“A few hours later, the stampede of feet shakes me from slumber. I look around in bewilderment. It’s not yet dawn, but my stinging eyes can see it. It would be hard to miss the wall of fire descending on me.”

I mean, you have to admit it’s engaging. Captivating, really.

This is a line from “The Hunger Games,” the first book in the best-selling trilogy of the same name. “The Hunger Games” is a riveting story of death, despair, courage, love, hate, murder, betrayal and rebellion. It is an addictive book, nearly impossible to put down. Oh, and it is sort of intended for middle school-aged children.

According to Amazon, “The Hunger Games” is for “ages 12 and up.” The New Yorker called it “fiction for young people” and Time called it a “young adult novel.” Its main character is a 16-year-old girl, and the main cast of the book is between the ages of 12 and 18. Yet I contend that “The Hunger Games” is an enthralling book for someone of any age — even my age.

The Hunger Games takes place in a dystopian society located where the United States once stood. In this society, Panem, 12 poor districts are ruled by the powerful and opulent Capitol. To keep the districts in their place, the Capitol forces them to participate in an annual “hunger games,” in which each district offers up two “tributes” — adolescents for sacrifice, one boy and one girl — to fight to the death in a televised spectacle. Twenty-four go into the arena; one emerges alive.

The protagonist of “The Hunger Games” is Katniss Everdeen, a 16-year-old resident of District 12 who loves to hunt but isn’t too fond of the Capitol. When Katniss’s younger sister, Prim, is chosen as the tribute from District 12, Katniss volunteers to take her place. Katniss is whisked off to the Capitol, where she learns to hone her combat skills and meets the other tributes. Katniss is still hunting, but she now has a new prey: humans.

Katniss’s fellow tribute from District 12 is Peeta Mellark, a boy to whom she has never spoken but with whom she has a complicated past. As more time passes, it becomes difficult to tell whether Peeta loves Katniss or whether he is planning to kill her. In either case, Katniss enters the arena trusting no one and certainly not expecting to survive. Let the games begin!

Of course, many aspects of “The Hunger Games” seem contrived. The concept of young people fighting to the death in a mysterious arena is as old as the myth of Theseus and the minotaur. The government always watching, turning life into televised entertainment? Sounds like “The Truman Show.” A dystopian society targeting its own citizens? So “Brave New World.”

As Laura Miller wrote in The New Yorker, “An advantage to having young readers is that most of this stuff is fresh to them … To thrill them, a story doesn’t have to be unprecedented. It just has to be harrowing.” “The Hunger Games” is harrowing. But can its popularity be dismissed because it is read by so naïve an audience, unaware of the triteness of its plot? How then to explain that “The Hunger Games” is popular among readers of all ages (including, notably, Stephen King)? Maybe it is popular just because it is so “harrowing” and so captivating.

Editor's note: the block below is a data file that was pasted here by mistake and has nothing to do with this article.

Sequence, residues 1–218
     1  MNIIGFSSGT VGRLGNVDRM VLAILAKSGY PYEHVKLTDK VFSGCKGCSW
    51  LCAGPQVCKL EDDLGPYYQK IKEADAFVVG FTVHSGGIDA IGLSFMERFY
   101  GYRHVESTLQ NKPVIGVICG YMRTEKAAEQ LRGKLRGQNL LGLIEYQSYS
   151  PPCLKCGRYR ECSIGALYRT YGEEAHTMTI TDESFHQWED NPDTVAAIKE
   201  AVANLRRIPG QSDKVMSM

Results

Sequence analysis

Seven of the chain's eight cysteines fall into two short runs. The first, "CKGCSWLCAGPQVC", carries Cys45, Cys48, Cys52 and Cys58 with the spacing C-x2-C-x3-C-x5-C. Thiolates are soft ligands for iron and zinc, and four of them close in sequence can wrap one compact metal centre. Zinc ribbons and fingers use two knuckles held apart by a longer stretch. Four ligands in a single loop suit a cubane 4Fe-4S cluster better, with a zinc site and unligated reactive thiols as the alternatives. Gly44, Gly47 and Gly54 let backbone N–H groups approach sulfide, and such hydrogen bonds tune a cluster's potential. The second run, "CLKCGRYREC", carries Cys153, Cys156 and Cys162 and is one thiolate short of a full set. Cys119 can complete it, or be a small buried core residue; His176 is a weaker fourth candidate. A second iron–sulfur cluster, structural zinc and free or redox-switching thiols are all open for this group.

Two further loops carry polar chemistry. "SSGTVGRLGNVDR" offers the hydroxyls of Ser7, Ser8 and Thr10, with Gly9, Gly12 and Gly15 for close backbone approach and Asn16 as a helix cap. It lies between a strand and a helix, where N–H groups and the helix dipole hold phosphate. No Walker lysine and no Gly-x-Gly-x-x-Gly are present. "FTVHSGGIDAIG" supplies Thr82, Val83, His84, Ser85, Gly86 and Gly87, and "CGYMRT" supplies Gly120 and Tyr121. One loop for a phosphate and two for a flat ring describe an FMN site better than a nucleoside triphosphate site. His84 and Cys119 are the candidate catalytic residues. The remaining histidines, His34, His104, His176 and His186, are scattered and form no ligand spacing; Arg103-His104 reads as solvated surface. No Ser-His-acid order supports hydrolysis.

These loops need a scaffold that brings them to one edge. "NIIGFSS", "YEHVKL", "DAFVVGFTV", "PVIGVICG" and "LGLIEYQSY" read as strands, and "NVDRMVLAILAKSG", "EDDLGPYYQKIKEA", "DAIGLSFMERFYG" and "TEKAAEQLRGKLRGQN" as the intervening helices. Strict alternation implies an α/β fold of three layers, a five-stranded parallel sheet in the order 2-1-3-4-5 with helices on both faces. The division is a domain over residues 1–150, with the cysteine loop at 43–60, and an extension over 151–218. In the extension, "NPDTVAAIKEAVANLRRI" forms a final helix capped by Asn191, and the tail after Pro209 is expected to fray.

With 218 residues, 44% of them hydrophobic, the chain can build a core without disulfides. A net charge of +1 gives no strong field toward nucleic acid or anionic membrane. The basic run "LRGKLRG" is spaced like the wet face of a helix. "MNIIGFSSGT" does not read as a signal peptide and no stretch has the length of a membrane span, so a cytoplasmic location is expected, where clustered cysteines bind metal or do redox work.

Suzanne Collins, the author, has stated that she based “The Hunger Games” on televised scenes of carnage from the Iraq War. These transformed battle scenes — often pretty gory — are one reason why the book is so harrowing. But “The Hunger Games” is also captivating because it goes beyond the trope of young-adult-novel-as-morality-tale. It is a none-too-subtle critique of the titilating yet deadening effects of war as televised entertainment. Residents of Panem who watch the gore of the hunger games look deservingly absurd. But the heroes are not pure enough to make this a simple parable. The “good guys” — Katniss, Peeta, Gale, Haymitch — are all flawed and fully conscious of their own flaws. “The Hunger Games” is an interesting commentary on what a young adult novel can accomplish and who will learn from it. It’s just not simplistic enough to be disregarded as mere young adult fiction, which may be why so many older readers have enjoyed it.

I read “The Hunger Games” a few weeks ago, mostly because the movie is premiering in a few months. I found it hard to put down, and finished the first book in a matter of hours. I moved on to the second and third installments of the series in short order. Having read “Brave New World,” “The Giver,” “1984,” the myth of Theseus, and many other works with similar premises, one could assume that “The Hunger Games” bored me. Not being a middle school-aged child, one could assume “The Hunger Games” annoyed me. But it didn’t.

“The Hunger Games” is an outstanding book — and good for people of all ages, even jaded college students — for two simple reasons. First, the plot is really captivating. A fight to the death in a dystopic society, a deeply flawed protagonist, a love triangle and a coup d’etat are all present in the book. Second, the writing isn’t terrible either. “The Hunger Games” may not go down in history as a classic work of literature, a Proustian masterpiece. But its narrative speaks to a quest for captivation that doesn’t have to end with childhood.